Jan 22, 2007 - road to damascus series    Comments Off

Road to Damascus 31 – Palmyra Ruins

Description of Palmyra Ruins

Breathless beauties of pink

wind themselves around

the stems of ancient ruins.

Desert camels start the

short journeys, disgusted

by the bright tourists

on their back.

Woven textiles,

precious stones,

plastic baubles,

coke for 5 liras.

In one spellbinding moment

history becomes as alluring

as the sand and wind,

that surround us.

Camel at the Palmyra ruins

Palmyra was an important ancient caravan city. It had underground springs that made it an oasis along one of the main trade routes linking the East with the Roman Empire in the West. It reached its peak of wealth and importance in the 2nd and 3rd Centuries AC. The most famous of it’s rulers was a Queen named Zenobia. She however got a little power hungry and tried to make her son emperor. The crushing of this rebellion by Rome in 271 AC ended Palmyra’s rise to fame and fortune, and marked its decline into obscurity. By the time the Muslims entered in the 7th Century with Khalid ibn Walid at the head, the city had largely been abandoned to the desert. Today its ruins are some of the most beautiful in the world and Palmyra also called the “bride of the desert” is arguably the biggest attraction in the Middle East after the pyramids.

I visited Palmyra twice. Once on a class trip and the second time with British friends. I could have gone again and again. This place is just beyond amazing. It has so much history, importance and even a kind of romance that just attracts all kinds of people… tourists from all over the world, Indiana Jones types, professors of history, adventurers. There’s just something about taking a camel ride through the ruins of a once thriving, wealthy ancient city. Definitely one of the highlights of my life.

There are lots of pictures here. Basically all Roman cities had this one main street in the middle of town and they were always lined with roman columns called a colonande. You can see some pictures of those. Oh and sometimes wealthy patrons would pay for part of the road and they would get to have a little statue of themselves on the column to show they payed for it! There are also pictures of what were once temples,the public roman baths, above ground aqueducts, tombs, a theater, tetrapylon (the four corner thingie which is basically an ancient roundabout), forum (marketplace or main square). And you thought you’d never need to know all that junk from the Ancient Rome chapter in 9th grade ;)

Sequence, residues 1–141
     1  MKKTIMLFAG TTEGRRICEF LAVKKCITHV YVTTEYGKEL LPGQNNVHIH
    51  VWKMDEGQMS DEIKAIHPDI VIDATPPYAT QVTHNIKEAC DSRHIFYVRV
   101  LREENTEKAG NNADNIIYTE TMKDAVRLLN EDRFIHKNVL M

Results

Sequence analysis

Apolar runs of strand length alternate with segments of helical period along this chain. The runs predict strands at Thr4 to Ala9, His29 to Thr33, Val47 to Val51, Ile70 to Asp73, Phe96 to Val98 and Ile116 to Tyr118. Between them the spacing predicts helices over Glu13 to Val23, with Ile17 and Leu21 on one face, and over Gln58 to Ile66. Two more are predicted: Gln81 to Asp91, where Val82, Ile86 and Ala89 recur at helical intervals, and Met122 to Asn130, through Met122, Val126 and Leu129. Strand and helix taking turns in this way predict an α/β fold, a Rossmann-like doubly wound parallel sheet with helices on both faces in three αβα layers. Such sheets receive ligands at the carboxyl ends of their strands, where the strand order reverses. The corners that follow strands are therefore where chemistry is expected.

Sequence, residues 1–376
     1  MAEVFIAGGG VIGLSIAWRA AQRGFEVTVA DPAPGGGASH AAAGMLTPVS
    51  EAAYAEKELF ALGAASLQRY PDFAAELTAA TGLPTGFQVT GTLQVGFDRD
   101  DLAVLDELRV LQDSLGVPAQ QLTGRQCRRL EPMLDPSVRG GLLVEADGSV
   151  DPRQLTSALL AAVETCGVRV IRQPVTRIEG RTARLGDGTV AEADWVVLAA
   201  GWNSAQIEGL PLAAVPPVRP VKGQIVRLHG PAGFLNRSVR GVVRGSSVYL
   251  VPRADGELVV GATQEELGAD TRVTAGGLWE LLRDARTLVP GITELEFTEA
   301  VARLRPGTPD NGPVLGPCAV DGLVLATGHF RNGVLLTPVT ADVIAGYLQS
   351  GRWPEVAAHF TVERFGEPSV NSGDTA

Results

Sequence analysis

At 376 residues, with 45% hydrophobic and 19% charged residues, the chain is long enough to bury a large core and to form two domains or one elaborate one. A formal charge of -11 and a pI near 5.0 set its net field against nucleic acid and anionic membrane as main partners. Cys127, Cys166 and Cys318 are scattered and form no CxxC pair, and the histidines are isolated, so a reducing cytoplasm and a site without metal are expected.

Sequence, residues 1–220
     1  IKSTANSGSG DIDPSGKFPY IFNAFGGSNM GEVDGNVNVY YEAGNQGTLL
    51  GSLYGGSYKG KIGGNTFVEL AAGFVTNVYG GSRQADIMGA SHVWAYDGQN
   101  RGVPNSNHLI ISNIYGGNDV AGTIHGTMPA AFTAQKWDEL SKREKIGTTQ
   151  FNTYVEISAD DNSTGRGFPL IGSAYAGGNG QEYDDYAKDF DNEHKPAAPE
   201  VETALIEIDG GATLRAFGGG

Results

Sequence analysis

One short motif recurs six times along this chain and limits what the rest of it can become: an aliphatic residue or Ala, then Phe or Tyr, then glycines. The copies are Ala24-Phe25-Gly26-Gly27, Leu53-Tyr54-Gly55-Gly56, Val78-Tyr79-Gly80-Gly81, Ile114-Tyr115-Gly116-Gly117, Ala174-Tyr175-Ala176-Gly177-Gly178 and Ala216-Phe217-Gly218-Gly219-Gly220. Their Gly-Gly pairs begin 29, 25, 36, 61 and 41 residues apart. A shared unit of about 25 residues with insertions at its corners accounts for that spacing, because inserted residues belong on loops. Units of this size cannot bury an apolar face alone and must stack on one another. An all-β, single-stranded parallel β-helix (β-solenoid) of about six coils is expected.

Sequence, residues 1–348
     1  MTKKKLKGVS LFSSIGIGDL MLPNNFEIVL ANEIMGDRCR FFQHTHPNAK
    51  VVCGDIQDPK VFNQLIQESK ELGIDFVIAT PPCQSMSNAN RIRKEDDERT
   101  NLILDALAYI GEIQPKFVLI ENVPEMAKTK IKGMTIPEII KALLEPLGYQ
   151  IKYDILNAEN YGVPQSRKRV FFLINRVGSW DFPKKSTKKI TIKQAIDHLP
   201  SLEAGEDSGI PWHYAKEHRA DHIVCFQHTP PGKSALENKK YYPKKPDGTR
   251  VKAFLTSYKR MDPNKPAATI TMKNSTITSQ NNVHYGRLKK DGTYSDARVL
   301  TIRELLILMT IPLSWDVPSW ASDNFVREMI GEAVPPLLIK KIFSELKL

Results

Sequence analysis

Palmyra today is a huge tourist attraction. There are a number of hotels and the modern city that’s sprung up around the ruins is called Tadmoor. As soon as we got there, all these camel renter guys and hawkers of tourist baubles like plastic beads and postcards all but mobbed us. AND they all spoke English… better English than spoken in Damascus!

I have to say I fell in love with Palmyra. I’ve written pages and pages in my journal about it, it’s history, buildings, ambience, people there…so will add that all later inshaAllah. I also wrote a fictional short story based on Palmyra — called Qalat an-Noor. Check it out if you haven’t read it yet under the blog category writings ;)

Link to the pictures of Palmyra Ruins

Comments are closed.